It will be almost impossible for Matt Shoemaker to pry the American League rookie-of-the-year award from the meaty mitts of Chicago White Sox slugger Jose Abreu, who is hitting .308 with 33 homers and a league-leading 94 runs batted in.
But the Angels right-hander with the thick, black beard and disappearing split-fingered fastball has clearly thrust himself into the conversation with a body of work that seems to grow more impressive by the week.
Shoemaker, backed by a robust, 16-hit attack, allowed two hits and struck out six in seven shutout innings Tuesday night to lead an 8-2 victory over the Miami Marlins that moved the Angels (78-53) into first place in the AL West, a game ahead of Oakland.
This came on the heels of last Thursday night’s masterful 7 2/3-inning, one-hit, nine-strikeout effort in a 2-0 win over the Boston Red Sox in Fenway Park.
Shoemaker, 27, who opened the season as a long reliever and replaced the struggling Hector Santiago in the rotation in May, improved to 13-4 with a 3.33 earned-run average in 23 games, 16 of them starts.
He is the first Angels rookie to notch 13 wins since Jason Dickson in 1997, and he needs only one more win to tie Dean Chance, Marcelino Lopez and Frank Tanana for the club rookie record of 14 wins.
Not bad for a guy who was an undrafted free agent out of Eastern Michigan University in 2008 and spent six years in the minor leagues before making his big league debut last September.
“You can see the way his stuff plays — it’s not like he didn’t have the potential to do this — but sometimes it takes a while for guys to get their opportunity,” Manager Mike Scioscia said.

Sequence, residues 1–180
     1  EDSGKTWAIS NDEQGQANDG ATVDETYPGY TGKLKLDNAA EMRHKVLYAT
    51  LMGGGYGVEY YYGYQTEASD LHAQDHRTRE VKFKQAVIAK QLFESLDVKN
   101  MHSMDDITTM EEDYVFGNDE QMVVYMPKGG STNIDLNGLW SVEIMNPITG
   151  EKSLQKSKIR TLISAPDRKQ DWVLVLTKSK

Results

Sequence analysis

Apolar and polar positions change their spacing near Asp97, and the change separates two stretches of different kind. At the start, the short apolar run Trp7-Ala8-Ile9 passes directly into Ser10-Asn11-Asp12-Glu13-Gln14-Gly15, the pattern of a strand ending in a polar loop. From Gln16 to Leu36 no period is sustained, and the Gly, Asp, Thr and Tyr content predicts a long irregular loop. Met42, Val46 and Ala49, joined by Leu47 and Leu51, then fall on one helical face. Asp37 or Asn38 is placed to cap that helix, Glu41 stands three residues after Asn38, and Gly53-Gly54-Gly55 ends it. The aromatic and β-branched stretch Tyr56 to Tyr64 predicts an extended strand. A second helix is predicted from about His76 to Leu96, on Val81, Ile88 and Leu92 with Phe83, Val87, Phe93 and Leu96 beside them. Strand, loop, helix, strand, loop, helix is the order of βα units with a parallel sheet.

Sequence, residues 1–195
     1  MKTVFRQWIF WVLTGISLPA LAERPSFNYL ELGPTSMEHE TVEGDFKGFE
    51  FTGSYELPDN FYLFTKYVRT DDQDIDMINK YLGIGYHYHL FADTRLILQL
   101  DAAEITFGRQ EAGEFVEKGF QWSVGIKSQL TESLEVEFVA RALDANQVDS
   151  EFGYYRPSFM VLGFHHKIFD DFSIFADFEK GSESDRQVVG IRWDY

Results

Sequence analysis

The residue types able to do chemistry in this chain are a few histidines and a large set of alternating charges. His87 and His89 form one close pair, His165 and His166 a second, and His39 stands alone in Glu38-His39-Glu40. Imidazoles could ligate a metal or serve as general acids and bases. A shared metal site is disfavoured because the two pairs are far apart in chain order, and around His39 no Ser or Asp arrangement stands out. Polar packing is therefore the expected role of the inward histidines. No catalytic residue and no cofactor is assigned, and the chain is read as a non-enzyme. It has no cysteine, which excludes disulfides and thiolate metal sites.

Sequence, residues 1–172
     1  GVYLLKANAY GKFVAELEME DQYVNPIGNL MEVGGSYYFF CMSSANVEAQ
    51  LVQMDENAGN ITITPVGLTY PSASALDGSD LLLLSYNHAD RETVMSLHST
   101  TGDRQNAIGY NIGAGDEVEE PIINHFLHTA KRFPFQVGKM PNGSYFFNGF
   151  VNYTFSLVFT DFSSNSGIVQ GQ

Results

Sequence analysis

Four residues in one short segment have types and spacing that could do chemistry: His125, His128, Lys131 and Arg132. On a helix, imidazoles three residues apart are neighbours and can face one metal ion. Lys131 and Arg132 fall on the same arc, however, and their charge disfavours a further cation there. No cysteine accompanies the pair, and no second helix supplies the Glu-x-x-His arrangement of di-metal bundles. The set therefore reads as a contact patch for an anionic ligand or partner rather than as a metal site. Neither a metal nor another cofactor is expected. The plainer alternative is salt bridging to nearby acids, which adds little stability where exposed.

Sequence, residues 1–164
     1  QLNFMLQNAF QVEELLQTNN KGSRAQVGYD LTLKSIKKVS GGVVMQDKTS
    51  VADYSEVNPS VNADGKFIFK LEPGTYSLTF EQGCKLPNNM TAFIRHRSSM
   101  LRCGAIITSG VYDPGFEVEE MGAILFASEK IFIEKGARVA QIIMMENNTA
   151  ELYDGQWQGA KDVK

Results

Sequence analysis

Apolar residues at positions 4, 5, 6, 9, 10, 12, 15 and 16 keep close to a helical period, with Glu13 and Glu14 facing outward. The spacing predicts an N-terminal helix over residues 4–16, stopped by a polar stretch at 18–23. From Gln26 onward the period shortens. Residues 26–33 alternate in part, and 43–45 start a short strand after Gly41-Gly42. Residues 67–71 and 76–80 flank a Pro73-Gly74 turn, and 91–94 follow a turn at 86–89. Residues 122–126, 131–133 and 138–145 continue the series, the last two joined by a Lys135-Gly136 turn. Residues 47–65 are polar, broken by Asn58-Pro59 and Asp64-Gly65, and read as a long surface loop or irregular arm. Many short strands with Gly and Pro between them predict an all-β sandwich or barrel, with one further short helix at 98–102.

“It’s tough enough to make the major leagues, but to make a footprint here is a totally different chapter in your development. He is making the most of getting the ball every fifth day and going out there and pitching. It’s great to see.”
Shoemaker has been something of a savior to a team that lost starters Garrett Richards and Tyler Skaggs to season-ending injuries this month.
His start in Fenway Park last week came one night after the bullpen absorbed 7 1/3 innings in the game Richards was hurt in. Tuesday night’s win came after relievers threw 5 2/3 innings Monday night.
“There was no doubt we needed some length from Matt tonight,” Scioscia said. “Getting into the seventh was huge, especially putting up zeros. That’s more important than anything, winning the game.”
Now, if the Angels could unearth another hidden gem such as Shoemaker to fill Richards’ spot and start Saturday against the Athletics, they would really be on to something.
Wade LeBlanc got the first crack at replacing Richards, but he won’t get another. The left-hander was designated for assignment Tuesday after allowing six runs and seven hits in 3 1/3 innings Monday night.
Among the in-house options to start Saturday are left-hander Michael Roth, who threw seven shutout innings for double-A Arkansas on Monday and could start Saturday on regular rest, and triple-A left-hander Randy Wolf, who is scheduled to start Friday but could be pushed back.
Triple-A right-hander Chris Volstad and double-A right-hander Drew Rucinski are also options.
Possible trade targets such as Bartolo Colon (New York Mets), Scott Feldman (Houston) and Trevor Cahill (Arizona) have reportedly cleared waivers, but all appear out of financial reach for the Angels, who will be pushing up against the $189-million luxury tax threshold next season.
Colon is 41 and will make $11 million in 2015, Feldman has two more years and $18 million left on his deal, and Cahill, who was 2-2 with a 3.43 earned run average in seven starts before giving up eight runs in 3 1/3 innings to the Dodgers on Tuesday night, is guaranteed $12 million next season.
Follow Mike DiGiovanna on Twitter @MikeDiGiovanna